First home buyers may be rejoicing at falling house price forecasts of up to 25 per cent in some cities, but for others it’s terrible news.
People already repaying mortgages can face negative equity — when what they owe is more than the value of their property.
Mozo property expert Steven Jovcevski said the best strategy for those facing negative equity was to wait out the price downturn if they could still make mortgage repayments.
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“Negative equity is something fairly new. We saw it in Western Australia’s mining towns recently when some houses halved in value overnight,’’ Mr Jovcevski said.
Roy Morgan research in late 2018 showed a rise in the number of Australian borrowers with little or no equity in their homes, at 386,000 households up from 345,000 households a year previously.
Median house prices have fallen in Sydney, Melbourne, Perth and Darwin in the past year while Hobart, Canberra and Adelaide have seen rises. Brisbane prices have been relatively stable.
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“The aim of the game is keep the property if you can and ride it out because you only make a loss if you sell,’’ Mr Jovcevski said.
“This is the cycle of property, if you’re in it for the long term. Property is a long-term investment you should not be looking at it in the short term for a quick buck.’’
However there may be reasons to sell in which case it is time to speak to a financial adviser or your bank, Mr Jovcevski said.
“If you’re not confident it’s going to go any higher, and possibly go lower, then if you can sell, break even and get out, that’s a positive,’’ he said.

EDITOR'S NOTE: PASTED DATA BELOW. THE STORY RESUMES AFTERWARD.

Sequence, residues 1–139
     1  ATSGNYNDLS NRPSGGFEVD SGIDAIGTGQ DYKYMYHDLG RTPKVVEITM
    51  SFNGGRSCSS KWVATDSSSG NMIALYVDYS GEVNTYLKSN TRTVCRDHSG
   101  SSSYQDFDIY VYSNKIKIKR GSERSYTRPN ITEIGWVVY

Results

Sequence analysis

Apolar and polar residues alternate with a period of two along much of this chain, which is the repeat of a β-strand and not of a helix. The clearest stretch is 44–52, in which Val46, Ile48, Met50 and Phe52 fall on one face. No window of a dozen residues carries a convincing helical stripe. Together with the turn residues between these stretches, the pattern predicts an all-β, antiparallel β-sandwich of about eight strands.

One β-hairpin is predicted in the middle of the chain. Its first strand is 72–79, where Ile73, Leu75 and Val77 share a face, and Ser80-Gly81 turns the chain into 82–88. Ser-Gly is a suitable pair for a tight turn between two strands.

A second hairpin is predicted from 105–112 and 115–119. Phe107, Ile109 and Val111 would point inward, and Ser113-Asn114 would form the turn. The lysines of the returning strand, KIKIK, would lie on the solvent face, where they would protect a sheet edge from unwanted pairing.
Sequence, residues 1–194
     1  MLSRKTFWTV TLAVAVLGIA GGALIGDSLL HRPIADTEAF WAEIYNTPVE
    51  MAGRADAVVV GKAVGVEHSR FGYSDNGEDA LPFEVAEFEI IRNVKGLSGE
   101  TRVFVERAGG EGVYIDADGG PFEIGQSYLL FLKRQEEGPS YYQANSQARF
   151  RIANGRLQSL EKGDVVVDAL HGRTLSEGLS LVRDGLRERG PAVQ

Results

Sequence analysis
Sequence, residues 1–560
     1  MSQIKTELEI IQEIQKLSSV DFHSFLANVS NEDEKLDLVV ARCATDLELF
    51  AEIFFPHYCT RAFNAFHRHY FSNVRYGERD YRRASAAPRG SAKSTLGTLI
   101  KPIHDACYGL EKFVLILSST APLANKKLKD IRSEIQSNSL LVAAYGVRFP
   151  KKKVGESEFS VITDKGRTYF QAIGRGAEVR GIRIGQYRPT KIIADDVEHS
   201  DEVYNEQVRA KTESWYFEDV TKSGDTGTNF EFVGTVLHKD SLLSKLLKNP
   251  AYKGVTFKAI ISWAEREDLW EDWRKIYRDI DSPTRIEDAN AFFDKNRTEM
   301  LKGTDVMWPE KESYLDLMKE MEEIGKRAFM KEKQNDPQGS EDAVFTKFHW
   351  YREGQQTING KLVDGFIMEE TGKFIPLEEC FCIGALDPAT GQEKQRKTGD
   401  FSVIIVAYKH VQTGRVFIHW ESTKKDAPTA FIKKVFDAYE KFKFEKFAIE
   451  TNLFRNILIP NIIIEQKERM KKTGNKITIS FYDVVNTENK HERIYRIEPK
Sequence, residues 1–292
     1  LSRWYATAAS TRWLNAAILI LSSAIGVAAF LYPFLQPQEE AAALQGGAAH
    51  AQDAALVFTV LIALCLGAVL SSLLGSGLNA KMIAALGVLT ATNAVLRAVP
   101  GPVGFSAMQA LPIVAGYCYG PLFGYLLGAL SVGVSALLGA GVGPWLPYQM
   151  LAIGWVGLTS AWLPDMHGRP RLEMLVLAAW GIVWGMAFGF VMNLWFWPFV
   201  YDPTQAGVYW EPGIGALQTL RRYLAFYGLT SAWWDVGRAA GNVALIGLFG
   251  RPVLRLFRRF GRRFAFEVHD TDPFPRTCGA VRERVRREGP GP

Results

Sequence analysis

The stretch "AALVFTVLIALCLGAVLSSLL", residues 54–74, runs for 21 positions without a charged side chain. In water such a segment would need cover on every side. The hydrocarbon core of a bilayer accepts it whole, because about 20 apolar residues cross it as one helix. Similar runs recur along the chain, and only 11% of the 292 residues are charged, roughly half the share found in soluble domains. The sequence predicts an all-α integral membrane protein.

“If you sold a house and still owe the bank, say, $50,000, then I’d suggest talking to a financial adviser. If you do get into that situation and have to sell, then talk to the bank because they have hardship programs and see what they can offer you.”
Other strategies include paying extra into the mortgage to reduce the negative equity, adding value with a renovation as long as you stick to a budget, or earning extra income by renting a room on Airbnb.
AMP Capital chief economist Shane Oliver said recent cues from the Reserve Bank Australia pointed to a possible interest rate cut from mid-year to provide some relief for people facing negative equity.
Banks would be under enormous public pressure to follow an RBA rate cut, which would mean a saving of up to $2000 a year saving if banks cut by 0.25 per cent for borrowers with an average $400,000 loan on variable rate mortgage.
“That goes a long way to offsetting a fall in wealth,’’ Dr Oliver said.
He said the 2017 price peak of Sydney and Melbourne housing markets coincided with a series of tighter lending measures from banks — first with speed limits on investor loans from 2015, similar limits to interest-only loans from March 2017, and tightening lending standards based on borrowers’ income and expenses from late 2017.